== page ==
Photo provided by ARNO—Benji is a 4-year-old shih tzu. He is funny and loyal, but a bit persnickety. First, he does not like children. He does enjoy going to the park for walks, and he has walked an entire three miles! He can go! In the park he does not mind other animals, even squirrels, but in a home he likes to be in charge. He would do best in a home without other dogs, unless it is a very calm, older dog. He is fully housebroken. Benji was pulled from an overcrowded municipal shelter. He was a bit shy and scared, but has done well in foster care. The adoption fee is $200 and includes neuter, UTD vaccines, rabies, chip, and heartworm treatment (if applicable).

Spring officially arrives this weekend, bringing with it work in the garden. Picking the right plants and flowers is important, not only for curb appeal but also for the health and wellness of pets. Some plants can be toxic to animals. Ingesting even a small amount of a harmful plant can be fatal for a dog or cat. The following is a list of some of the most poisonous plants to avoid putting in areas that pets frequent:

SAGO PALM: Also known as the Palm Sunday palm, the entire plant and the seeds in particular contain a potent toxin called cycasin that can be fatal, even if the animal eats only a single seed. Ingestion of any part or amount of this plant warrants immediate emergency veterinarian treatment.

AZALEA: Ingesting even just a few leaves can cause serious issues such as upset stomach, drooling, loss of appetite, weakness and leg paralysis and, in some cases, coma or death.

DAFFODILS: They contain poisonous alkaloids that can cause vomiting, excessive salivation, diarrhea, convulsions, tremors and heart problems. The bulbs are the most dangerous part of the plant.

DIEFFENBACHIA: Also known as dumb cane, this plant is often recommended for natural air purification inside the home. When eaten, however, it not only burns the mouth and throat but also causes the esophagus to swell, potentially blocking the animal’s airway.

HIBISCUS: Signs of ingestion include vomiting, diarrhea, nausea and anorexia.

Other highly toxic plants include grapes, mushrooms, marijuana, lilies, black walnuts, castor bean, daisy, geranium, hydrangea, poinsettia and tomatoes. You can find a full list with photos at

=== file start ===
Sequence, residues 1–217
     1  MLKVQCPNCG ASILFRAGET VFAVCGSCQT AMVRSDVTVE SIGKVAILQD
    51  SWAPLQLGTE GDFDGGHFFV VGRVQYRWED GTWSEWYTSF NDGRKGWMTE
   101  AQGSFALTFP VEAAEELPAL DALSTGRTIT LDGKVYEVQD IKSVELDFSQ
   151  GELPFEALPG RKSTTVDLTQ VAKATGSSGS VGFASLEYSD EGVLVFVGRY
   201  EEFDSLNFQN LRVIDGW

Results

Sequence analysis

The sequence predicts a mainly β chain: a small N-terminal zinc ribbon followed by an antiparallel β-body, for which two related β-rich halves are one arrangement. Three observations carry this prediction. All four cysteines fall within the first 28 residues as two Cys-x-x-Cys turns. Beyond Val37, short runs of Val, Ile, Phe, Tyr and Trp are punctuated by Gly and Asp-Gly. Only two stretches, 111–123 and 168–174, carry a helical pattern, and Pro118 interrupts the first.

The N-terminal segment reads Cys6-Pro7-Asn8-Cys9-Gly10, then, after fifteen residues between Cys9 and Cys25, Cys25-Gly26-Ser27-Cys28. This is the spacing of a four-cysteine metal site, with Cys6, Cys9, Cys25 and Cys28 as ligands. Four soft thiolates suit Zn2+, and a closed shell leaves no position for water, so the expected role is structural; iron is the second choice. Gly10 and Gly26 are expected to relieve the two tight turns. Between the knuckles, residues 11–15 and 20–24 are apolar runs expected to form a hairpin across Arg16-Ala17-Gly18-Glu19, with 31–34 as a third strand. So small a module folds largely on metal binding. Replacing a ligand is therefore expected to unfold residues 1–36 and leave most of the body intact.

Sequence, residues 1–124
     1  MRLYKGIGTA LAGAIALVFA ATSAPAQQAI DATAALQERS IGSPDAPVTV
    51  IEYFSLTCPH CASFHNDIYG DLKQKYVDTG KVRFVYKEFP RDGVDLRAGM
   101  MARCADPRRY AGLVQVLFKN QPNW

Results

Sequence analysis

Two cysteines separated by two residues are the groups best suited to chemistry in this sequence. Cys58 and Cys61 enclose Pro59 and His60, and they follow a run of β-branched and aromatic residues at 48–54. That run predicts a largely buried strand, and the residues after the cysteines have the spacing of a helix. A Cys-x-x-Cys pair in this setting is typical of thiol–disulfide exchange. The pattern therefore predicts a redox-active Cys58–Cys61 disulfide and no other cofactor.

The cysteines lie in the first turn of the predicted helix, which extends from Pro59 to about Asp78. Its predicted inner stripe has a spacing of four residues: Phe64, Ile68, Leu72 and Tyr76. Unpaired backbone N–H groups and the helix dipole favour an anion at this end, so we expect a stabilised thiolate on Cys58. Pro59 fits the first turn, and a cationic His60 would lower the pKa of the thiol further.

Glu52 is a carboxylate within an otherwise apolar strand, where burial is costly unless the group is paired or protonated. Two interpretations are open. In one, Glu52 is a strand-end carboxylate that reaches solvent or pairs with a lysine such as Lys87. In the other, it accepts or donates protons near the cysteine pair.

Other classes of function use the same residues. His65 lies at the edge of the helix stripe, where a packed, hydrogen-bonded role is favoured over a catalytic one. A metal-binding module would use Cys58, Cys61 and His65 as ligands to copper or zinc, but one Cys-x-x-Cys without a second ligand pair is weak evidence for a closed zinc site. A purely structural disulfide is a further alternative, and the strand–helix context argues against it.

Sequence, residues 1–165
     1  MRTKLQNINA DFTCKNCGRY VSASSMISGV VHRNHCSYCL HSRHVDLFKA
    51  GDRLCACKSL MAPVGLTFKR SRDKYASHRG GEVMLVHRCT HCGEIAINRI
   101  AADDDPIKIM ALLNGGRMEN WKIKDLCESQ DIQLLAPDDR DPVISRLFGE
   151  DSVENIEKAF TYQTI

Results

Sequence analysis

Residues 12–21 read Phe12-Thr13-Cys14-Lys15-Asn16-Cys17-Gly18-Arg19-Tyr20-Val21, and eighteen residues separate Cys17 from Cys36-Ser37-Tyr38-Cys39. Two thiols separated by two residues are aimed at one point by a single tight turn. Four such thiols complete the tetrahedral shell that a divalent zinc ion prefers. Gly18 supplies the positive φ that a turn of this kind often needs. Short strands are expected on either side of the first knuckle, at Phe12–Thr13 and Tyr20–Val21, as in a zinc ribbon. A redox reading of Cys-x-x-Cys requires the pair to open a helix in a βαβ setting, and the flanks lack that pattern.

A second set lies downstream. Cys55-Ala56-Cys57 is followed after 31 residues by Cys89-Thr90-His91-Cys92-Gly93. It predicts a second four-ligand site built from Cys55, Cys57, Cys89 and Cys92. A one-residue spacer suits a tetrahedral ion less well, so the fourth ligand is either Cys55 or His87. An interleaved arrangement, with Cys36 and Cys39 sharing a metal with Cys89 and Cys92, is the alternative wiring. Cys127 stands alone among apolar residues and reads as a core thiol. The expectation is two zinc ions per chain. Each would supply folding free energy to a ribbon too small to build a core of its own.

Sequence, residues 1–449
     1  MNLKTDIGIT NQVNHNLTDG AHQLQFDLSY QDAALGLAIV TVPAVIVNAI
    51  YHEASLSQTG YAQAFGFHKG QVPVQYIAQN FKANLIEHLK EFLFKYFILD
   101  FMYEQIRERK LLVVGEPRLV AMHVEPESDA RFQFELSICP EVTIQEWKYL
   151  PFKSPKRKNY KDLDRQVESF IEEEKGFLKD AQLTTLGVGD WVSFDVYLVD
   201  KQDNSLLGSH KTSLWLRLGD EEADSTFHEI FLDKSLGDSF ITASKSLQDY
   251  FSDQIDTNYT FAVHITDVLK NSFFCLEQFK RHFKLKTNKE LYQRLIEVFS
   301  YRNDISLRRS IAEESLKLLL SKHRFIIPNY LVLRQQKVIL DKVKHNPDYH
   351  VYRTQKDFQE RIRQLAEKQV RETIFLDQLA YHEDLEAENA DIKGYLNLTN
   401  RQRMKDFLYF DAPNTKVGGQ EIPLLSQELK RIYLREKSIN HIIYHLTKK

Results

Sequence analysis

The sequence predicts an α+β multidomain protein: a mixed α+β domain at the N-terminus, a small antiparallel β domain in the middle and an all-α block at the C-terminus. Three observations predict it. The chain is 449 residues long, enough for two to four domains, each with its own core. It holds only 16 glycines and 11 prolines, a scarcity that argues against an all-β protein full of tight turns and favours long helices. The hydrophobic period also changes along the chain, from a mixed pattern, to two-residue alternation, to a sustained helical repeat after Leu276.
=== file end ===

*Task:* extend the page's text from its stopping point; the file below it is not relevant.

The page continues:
Knowing what plants are harmful to pets will keep them safe inside the home, in the yard or out for a stroll. While we all keep a watchful eye on our pets, it takes only a second for them to ingest something harmful. The safest way to prevent poisoning is to keep pets away from these plants or to not have these varieties at all. If it is suspected that an animal has come into contact with a poisonous plant and it exhibits any of the symptoms listed, contact a vet immediately.


HAPPY HOUR: The Bulldog Mid-City will donate 20 percent of its sales to the Louisiana SPCA from 5:30 p.m. to 7:30 p.m. Thursday, March 19. Friendly, leashed pets are welcome on the back patio. The Bulldog is at 5135 Canal Blvd.,

PET ADOPTION EVENT: The Louisiana SPCA will hold a neighborhood pet adoption event from 11 a.m. to 4 p.m. Saturday at Clearview Mall, 4436 Veterans Memorial Blvd., Metairie. For information, call (504) 368-5191 or visit

DOG DAY AT CITY PARK: The Gatsby Strut, a dog-friendly walkathon around the Big Lake at New Orleans City Park, will be a highlight of the Louisiana SPCA’s Dog Day from 11 a.m. to 4 p.m. Sunday. There will be live local music, services and treats from animal vendors and artists, dog obedience demos, dog contests and great prizes. For information or to register, go to

LOST OR FOUND PETS: In Orleans Parish, you can send a photo, description of your pet, date lost/found and your contact information to lostandfound@ In Jefferson Parish, email and bbourgeois, and in St. Bernard Parish, email

Traci D. Howerton is social media editor of Animal Rescue New Orleans, a nonprofit, volunteer-based, no-kill shelter. Contact ARNO at, www.animalrescue or call its recorded information line at (504) 571-1900.